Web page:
Colour and your computer — the choices. by D.R. Hunt
The Colour Cards.
Some time ago I was asked to give a talk at the East Grinstead
Computer Club. I hope a good evening was had by all despite the rambling
nature of my chat. I know I enjoyed myself, apart from the fundamental mistake
that when I agreed to go, I had firmly fixed in my mind that East Grinstead
was reasonably local, being somewhere north of Finchley, instead of being half
way to Eastbourne. One of the things to come out of the evening was what was
my opinion of all the colour cards around? When we totted them up we found
there were seven:
The Winchester Technology Colour card
The Pluto Colour card
The Nascom AVC a
The Climax colour card
The R & EB W colour card
The Edinburgh University colour card
A N other colour card.
There were definitely seven, but for the life of me, I can not now recall
whose the last one was. My opinions weren’t much use at that time either, as I
had only gained experience of one of the cards, and hadn’t even seen most of
them in action.
Since then, I have to some degree rectified my lack of experience of
colour cards, having seen all but one, and played with most, three have
occupied some considerable time over the last couple of months. When I wrote a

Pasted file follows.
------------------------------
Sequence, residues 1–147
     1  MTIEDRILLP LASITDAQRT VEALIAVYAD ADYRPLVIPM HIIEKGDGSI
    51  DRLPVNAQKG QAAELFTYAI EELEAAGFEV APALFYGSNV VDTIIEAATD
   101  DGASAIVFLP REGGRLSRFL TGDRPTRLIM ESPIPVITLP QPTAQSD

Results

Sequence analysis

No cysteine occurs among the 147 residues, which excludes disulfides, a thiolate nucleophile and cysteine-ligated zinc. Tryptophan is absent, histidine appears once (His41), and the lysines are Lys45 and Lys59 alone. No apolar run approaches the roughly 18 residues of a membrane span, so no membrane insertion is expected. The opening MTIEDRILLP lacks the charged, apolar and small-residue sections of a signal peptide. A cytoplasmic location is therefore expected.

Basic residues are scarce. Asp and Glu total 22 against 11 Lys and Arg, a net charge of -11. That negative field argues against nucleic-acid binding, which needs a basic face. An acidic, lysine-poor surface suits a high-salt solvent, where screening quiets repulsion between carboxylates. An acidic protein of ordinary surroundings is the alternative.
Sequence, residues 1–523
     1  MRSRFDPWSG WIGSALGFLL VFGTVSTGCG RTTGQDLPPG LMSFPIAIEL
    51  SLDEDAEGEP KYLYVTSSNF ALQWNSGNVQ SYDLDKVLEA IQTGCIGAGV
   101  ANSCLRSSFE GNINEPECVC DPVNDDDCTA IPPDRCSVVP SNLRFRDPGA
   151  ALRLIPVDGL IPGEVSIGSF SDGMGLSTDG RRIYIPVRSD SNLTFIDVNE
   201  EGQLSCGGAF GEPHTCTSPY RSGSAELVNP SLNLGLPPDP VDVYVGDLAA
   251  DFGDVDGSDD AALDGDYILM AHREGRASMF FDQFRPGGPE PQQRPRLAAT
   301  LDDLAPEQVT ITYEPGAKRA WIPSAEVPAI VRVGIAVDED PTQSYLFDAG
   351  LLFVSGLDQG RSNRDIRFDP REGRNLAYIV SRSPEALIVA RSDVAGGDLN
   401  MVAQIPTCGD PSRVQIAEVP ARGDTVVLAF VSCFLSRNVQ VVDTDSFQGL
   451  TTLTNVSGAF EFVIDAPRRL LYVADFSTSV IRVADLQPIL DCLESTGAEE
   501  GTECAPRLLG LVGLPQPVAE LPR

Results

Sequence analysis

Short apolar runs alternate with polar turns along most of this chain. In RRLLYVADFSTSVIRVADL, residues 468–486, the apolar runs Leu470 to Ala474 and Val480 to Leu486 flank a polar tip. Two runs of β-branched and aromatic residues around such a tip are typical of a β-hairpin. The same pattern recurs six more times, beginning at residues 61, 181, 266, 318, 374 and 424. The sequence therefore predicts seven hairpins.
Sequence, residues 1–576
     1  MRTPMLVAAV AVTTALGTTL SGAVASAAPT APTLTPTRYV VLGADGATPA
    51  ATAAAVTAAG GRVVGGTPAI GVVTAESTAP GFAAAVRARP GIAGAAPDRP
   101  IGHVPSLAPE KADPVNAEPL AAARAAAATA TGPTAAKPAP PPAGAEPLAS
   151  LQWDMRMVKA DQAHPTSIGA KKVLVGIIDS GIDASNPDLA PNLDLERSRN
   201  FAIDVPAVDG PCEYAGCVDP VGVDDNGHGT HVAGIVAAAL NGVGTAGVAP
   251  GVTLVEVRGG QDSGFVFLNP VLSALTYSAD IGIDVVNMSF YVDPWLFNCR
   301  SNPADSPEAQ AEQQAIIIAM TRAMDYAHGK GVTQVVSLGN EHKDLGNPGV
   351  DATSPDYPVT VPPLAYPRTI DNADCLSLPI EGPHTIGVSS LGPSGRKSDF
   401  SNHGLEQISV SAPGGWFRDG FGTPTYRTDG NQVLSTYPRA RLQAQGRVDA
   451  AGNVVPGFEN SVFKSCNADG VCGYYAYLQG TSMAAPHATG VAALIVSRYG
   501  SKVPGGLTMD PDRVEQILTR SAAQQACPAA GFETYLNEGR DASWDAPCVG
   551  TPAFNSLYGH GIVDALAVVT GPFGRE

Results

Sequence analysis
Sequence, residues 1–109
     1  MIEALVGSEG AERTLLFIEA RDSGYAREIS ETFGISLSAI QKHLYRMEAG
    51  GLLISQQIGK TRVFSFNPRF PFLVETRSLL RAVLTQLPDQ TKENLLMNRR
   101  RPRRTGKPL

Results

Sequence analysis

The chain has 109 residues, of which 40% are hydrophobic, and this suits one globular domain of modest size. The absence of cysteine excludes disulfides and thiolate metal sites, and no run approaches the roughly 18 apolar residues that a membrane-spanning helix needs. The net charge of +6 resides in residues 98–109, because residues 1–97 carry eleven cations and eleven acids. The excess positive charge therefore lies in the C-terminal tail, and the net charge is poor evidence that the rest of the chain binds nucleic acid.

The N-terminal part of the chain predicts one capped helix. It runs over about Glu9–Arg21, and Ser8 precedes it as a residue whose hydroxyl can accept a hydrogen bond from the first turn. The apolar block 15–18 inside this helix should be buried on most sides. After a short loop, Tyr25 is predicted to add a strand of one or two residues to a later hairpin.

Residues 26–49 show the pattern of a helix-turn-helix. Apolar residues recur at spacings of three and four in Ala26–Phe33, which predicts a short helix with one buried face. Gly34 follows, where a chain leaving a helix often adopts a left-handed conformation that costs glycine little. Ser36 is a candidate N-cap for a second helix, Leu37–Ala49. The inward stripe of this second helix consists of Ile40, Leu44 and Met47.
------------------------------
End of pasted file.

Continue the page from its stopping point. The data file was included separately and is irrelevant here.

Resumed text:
preliminary note about the Nascom colour card some issues back, I was
sceptical as to the uses a colour card could be put. I’m afraid I still remain
unconvinced, and I think it would take a radical change in my thinking and
uses of my computer to persuade me that any colour card should be given a home
in my computer box.
Now lets have a quick look at each card. The Winchester Technology
Colour 8" x 8" memory mapped card was by far the earliest and used the Mullard
Teletext controller chip set. This made it fully Prestel and Ceefax
compatible, but not really high resolution. The card is no longer
manufactured, which is a pity with the growing interest in Prestel and Ceefax
compatibility, it could be a big sales point these days to have a range of
computers which are Prestel and Ceefax compatible.
Next to arrive was the Pluto card in its various forms. Again an 8" x
8" card but this time port addressed. Possibly the fastest and most powerful,
certainly the most expensive and the highest resolution. This card uses an on
board 16 bit (8088) processor and carries its own bus structure for even
further, mind blowing expansion.
After a long wait came the Nascom AVC, an 8" x 10" card built round a
6845 video controller chip. It uses page mode memory mapping to address it,
and features comfortably high resolution and a nice range of software bolt-ons
to go with it.
Then, quite recently, came the Climax Computers card. An 8" x 8" card
built round the Thompson Video controller chip and port addressed. Lower in
resolution than either the Pluto or the Nascom, but with limited grey scaling
and some of the best explained software primitives I have yet to see.
R & EW, the magazine sponsored by Ambit International, the components
people, entered the field by publishing an article on a colour card which was
then made available as a kit. This one was either a 10" or 12" x 8" card and